5. Incentive distortions - Does job security increase the moral hazard for teachers? Does it take away the deterrent associated with keeping teachers disciplined and reduces their accountability? Does the flexibility to hire and fire teachers positively impact on teacher performance and school outcomes? Do agency problems (teacher-school management relationship) adversely affect the performance of teachers in government schools? This assumes great significance and an equally great opportunity given the massive new recruitment needed.
6. Strength of teachers unions - Do recalcitrant teachers unions compromise the quality of government schools? How about comparing the general performance of private and government schools in areas where teachers unions are strong and weak, by controlling for other possible causal factors?
One of the biggest dangers with the RTE Act is the massive requirement for new teachers to meet the 30:1 ratio - there are 5.23 lakh teacher posts vacant and 5.1 lakh additional teachers are required. Are state governments going to meet this gap by direct recruitments or by contract appointments or by a structured contract to permanent career progression approach? Given the considerable power wielded by teachers unions in all states (and this additional force will only multiply their power), the direct recruitments look the most possible option, alongside the existing Sarva Siksha Abhiya (SSA) contract vidya volunteers.
Given the fact that the RTE Act lays down standards for various things including school infrastructure, teacher training and curriculum, would it not have been prudent to specify the modalities for recruitment of the new teachers (and all teachers henceforth)?
7. Inadequate facilities - Inadequate facilities are the commonest cited reason for the poor quality of government schools. Is it so? I am not sure this will stand the test of deeper scrutiny, though it does play a role. The massive investments proposed under RTE Act should take care of this.
8. Salaries of teachers - If anything, there is a possibility that the higher salaries of government teachers, in comparison to their private counterparts, may be adversely affecting the quality of teaching services delivered. It generates greater pressures of economic mobility and migration of rural school teachers to towns and the resultant incentive to frequently absent themselves.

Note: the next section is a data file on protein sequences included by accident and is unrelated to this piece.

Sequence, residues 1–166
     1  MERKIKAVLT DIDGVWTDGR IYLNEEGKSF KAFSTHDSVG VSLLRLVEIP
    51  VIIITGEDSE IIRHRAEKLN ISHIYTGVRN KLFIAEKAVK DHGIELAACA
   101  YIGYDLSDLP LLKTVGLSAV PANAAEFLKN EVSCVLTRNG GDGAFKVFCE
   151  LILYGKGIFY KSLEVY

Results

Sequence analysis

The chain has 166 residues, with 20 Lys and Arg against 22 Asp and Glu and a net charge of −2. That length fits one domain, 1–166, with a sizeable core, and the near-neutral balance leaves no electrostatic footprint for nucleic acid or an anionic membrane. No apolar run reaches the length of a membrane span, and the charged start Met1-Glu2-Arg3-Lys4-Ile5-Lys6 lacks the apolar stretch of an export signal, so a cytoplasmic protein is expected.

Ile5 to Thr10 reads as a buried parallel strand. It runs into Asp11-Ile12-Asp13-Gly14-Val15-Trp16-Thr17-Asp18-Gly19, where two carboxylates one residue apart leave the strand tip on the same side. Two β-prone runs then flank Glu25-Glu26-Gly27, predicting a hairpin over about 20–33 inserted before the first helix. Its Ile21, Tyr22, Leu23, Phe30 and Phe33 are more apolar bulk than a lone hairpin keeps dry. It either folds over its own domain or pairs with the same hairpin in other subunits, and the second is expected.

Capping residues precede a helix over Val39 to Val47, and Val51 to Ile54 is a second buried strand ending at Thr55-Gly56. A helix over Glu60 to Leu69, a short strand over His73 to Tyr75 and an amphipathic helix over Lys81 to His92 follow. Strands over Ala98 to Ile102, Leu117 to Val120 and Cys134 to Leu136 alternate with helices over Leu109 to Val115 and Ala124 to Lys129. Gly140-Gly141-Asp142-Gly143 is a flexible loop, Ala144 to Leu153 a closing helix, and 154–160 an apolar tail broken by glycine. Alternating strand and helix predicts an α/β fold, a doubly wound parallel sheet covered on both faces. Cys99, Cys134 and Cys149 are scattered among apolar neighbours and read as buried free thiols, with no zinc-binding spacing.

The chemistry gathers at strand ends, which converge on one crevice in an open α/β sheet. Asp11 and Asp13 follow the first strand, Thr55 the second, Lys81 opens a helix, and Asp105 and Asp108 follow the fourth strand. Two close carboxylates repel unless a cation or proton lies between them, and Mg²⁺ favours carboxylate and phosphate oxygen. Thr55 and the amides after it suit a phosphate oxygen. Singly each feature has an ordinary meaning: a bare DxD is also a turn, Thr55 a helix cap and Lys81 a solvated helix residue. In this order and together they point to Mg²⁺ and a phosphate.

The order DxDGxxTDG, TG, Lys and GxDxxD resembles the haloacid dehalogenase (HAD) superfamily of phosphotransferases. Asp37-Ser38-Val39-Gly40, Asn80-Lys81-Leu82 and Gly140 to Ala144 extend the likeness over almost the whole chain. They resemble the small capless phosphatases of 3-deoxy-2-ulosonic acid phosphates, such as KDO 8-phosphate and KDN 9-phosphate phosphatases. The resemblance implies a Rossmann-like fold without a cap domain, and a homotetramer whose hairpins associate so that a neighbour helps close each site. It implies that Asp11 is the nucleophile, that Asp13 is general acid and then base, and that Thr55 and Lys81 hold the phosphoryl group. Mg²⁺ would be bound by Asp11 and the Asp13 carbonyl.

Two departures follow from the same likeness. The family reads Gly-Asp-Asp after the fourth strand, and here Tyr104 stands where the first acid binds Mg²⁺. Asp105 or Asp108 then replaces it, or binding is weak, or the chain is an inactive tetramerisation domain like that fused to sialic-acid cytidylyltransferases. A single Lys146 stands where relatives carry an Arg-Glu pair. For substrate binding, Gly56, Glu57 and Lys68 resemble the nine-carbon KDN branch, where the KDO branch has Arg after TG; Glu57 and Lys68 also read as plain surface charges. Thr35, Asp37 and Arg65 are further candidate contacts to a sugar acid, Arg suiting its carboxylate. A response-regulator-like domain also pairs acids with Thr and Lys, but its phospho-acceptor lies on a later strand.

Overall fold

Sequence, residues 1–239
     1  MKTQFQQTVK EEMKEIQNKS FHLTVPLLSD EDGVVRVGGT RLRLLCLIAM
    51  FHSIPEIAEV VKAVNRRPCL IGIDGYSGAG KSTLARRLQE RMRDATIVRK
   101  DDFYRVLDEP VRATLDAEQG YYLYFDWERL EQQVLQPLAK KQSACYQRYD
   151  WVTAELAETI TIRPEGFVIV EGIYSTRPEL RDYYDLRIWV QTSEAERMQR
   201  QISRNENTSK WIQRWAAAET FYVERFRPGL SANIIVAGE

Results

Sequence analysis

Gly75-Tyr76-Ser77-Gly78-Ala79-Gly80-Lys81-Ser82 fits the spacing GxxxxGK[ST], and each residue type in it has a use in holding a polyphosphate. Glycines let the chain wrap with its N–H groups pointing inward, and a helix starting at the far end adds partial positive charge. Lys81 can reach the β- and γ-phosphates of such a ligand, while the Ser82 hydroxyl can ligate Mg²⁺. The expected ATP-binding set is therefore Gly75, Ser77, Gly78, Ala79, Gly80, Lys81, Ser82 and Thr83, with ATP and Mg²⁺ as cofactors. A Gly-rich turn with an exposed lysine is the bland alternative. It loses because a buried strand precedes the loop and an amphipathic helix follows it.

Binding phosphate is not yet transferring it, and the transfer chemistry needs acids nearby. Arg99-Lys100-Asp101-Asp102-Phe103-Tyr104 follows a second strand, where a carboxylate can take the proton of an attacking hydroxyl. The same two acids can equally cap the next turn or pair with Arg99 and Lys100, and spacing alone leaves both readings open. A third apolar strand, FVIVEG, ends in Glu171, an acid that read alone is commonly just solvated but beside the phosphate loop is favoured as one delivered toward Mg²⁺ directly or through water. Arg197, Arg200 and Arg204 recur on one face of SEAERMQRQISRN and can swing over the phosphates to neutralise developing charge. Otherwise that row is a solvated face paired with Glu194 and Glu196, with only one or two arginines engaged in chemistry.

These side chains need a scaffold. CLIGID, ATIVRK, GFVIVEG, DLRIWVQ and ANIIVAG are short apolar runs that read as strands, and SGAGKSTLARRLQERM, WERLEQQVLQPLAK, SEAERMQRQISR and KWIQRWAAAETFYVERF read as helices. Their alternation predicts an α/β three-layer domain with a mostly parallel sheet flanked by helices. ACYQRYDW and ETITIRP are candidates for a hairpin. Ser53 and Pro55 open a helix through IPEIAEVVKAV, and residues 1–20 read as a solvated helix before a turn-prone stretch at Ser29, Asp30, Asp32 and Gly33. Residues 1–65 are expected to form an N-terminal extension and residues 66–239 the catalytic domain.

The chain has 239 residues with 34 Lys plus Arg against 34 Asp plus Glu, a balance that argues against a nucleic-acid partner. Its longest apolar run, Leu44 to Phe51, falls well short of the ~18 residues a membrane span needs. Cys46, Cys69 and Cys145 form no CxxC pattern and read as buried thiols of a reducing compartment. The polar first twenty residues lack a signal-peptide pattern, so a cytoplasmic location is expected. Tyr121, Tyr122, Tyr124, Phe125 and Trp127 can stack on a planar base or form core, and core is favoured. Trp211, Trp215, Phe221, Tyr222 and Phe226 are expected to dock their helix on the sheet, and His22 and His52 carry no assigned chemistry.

9. Teacher attendance - It is widely acknowledged that teacher truancy is a major problem with government schools. However, there is adequate evidence that merely ensuring teacher attendance is not enough to improve teaching quality and student outcomes.
10. Teaching methods - Do private schools score over government run ones in their teaching and student monitoring methods? How do the same methods in use in private schools work in government schools?
11. Poverty - It has been found that children from poorer families are more likely to have larger absenteeism rates. Further, efforts at addressing the incentive to send children for work by even modest cash transfers have been found to lower absence and increase retention.
It is very difficult to approximate and separate the specific reasons for the poor quality of government schools in different contexts. However, it can safely be argued that varying permutations of the aforementioned reasons are responsible for the problems of schools in different localities. And among all of them, the direct and indirect impact of existing private schools on the quality of government schools assumes great significance. This also underlines the importance of strong administrative and regulatory oversight on maintaining standards, especially in urban government schools.
The extent of success of the RTE Act, especially in urban areas (in rural areas, private competition may not be a signficant factor), will critically depend on the impact of various RTE interventions on the the aforementioned factors (which will vary across locations).
See this superb post by Mark Thoma on the importance of quality education.